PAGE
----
Getting to know Cathy Perkins #author #mystery #sleuth #suspense #scifi

It’s always fun to find out where inspiration comes from, isn’t it? My guest today shares some examples of where hers originated. Please help me welcome Cathy Perkins!

An award-winning author of financial mysteries, Cathy Perkins writes twisting dark suspense and light amateur sleuth stories.  When not writing, she battles with the beavers over the pond height or heads out on another travel adventure. She lives in Washington with her husband, children, several dogs and the resident deer herd.

Website * Facebook * BookBub

Betty: When did you become a writer?

Cathy: I’ve always been a reader and I think the two go together. I remember writing a sequel to My Friend Flicka and a sci-fi action adventure when I was about eight. Lots of life happens later, I started writing novels about ten years ago and love it.

Betty: How long did you work on your writing skills before you became published?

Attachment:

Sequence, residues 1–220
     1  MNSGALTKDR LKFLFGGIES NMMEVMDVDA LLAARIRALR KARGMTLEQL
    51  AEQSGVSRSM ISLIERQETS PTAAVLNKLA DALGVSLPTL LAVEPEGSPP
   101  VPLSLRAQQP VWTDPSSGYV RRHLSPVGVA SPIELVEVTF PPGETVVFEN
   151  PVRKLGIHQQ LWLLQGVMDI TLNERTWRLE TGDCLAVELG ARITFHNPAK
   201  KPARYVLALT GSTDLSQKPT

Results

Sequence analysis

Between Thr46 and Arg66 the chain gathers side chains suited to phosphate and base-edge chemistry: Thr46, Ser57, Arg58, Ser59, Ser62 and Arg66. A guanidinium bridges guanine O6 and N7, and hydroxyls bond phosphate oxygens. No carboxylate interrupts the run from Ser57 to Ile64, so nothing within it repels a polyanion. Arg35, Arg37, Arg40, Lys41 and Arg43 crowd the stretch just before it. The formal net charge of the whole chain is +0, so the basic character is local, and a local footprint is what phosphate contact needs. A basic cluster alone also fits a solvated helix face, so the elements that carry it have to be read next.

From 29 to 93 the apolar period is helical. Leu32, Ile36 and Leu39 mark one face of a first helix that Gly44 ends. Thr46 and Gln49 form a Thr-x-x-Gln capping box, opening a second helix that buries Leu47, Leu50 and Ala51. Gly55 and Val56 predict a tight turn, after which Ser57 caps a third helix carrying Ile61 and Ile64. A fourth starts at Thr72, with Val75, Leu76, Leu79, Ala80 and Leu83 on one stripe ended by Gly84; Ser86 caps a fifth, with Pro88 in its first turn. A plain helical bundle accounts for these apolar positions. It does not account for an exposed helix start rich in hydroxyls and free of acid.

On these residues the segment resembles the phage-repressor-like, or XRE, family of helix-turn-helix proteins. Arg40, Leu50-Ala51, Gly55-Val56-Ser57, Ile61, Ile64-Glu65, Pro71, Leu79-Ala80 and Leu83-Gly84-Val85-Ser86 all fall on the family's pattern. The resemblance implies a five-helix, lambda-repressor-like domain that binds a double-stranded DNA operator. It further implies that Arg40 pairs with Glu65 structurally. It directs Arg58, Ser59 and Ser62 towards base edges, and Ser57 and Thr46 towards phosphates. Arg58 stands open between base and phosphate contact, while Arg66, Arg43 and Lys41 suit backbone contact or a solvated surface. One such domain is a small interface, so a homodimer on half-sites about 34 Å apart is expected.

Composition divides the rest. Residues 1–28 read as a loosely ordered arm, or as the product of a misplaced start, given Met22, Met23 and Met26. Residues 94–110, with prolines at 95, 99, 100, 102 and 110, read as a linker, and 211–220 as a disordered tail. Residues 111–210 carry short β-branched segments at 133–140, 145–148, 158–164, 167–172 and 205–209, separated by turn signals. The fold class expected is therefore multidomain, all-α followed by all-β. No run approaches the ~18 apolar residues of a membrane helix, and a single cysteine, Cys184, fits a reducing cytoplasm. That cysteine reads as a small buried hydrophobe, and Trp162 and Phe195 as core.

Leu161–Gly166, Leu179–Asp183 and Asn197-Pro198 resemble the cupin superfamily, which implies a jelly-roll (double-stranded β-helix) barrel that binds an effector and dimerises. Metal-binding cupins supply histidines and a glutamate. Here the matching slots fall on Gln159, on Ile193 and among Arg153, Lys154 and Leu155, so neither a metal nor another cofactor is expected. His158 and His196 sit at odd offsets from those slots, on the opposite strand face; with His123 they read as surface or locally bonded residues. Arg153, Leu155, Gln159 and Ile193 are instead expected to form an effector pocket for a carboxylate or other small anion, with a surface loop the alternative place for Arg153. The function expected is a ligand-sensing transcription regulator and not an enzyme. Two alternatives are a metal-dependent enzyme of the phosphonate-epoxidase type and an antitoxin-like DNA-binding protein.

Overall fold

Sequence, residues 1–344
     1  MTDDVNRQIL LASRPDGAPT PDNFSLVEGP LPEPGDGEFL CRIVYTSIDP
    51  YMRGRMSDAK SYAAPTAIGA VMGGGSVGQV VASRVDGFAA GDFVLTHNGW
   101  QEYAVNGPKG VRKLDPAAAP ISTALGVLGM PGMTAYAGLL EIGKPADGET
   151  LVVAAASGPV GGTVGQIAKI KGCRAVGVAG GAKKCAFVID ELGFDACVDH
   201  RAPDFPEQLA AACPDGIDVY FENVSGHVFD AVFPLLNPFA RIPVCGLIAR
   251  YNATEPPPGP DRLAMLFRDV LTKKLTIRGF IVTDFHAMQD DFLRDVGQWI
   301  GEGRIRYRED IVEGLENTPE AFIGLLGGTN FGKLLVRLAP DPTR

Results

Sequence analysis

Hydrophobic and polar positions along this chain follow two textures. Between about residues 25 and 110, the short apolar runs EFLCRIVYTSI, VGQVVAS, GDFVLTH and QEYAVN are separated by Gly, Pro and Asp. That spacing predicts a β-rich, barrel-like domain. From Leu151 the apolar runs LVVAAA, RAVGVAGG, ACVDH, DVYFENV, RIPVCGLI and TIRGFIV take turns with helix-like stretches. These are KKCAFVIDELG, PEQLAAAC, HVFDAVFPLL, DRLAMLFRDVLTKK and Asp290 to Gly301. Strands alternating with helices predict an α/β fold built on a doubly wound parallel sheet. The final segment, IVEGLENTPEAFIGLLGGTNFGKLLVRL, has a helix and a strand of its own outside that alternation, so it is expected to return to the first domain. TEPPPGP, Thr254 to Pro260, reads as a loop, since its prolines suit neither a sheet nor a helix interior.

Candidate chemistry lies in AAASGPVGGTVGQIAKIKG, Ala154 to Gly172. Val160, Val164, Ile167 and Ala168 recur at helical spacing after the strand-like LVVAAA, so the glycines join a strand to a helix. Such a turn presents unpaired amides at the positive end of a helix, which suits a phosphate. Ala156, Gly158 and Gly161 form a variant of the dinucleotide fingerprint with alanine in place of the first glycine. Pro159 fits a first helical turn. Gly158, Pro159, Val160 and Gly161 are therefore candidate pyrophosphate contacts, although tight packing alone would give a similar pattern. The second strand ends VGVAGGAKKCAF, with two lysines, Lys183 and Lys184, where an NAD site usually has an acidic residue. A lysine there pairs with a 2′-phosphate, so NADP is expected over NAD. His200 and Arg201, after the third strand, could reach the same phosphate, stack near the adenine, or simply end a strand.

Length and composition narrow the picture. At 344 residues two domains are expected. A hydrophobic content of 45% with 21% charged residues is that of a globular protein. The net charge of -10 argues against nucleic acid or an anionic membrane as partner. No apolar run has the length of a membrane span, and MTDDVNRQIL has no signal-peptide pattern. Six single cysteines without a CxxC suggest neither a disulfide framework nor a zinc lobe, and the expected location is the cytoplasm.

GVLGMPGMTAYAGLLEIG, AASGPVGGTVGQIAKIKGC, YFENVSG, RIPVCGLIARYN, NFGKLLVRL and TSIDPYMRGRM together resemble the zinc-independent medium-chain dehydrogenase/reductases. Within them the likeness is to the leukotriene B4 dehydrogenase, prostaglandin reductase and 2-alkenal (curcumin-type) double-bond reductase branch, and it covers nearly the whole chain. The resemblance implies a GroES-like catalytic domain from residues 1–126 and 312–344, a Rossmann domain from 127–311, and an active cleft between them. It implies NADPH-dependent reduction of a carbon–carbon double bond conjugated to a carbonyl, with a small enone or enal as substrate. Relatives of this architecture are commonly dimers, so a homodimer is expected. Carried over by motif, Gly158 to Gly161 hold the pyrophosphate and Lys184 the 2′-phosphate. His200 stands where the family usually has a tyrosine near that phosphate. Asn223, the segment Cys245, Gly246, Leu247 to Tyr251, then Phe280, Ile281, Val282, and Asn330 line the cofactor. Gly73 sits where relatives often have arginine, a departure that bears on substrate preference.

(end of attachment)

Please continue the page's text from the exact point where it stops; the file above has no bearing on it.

Cathy: The first two novels I wrote are safely tucked away in boxes under my bed. At the time, I’m sure I secretly thought they were terrific, but, yeah, not so much. I learned a lot writing them though and continue to learn as much as I can about the craft of writing. With the third novel, I was ready to show it to people, who then encouraged me to enter RWA contests. The novel, The Professor, won and was published in 2012.

Betty: What prompted you to start writing?

Cathy: This probably isn’t how most people start, but I had a long-term consulting job in a city about 90 miles from my home. I’d listen to music and daydream during the commute. Pretty soon, the daydream developed dialogue, characters and a setting, and I thought, hmm, this is turning into a good story. That particular book lives in a box under the bed, but I was hooked on writing, creating worlds and characters.

Betty: What type of writing did you start with?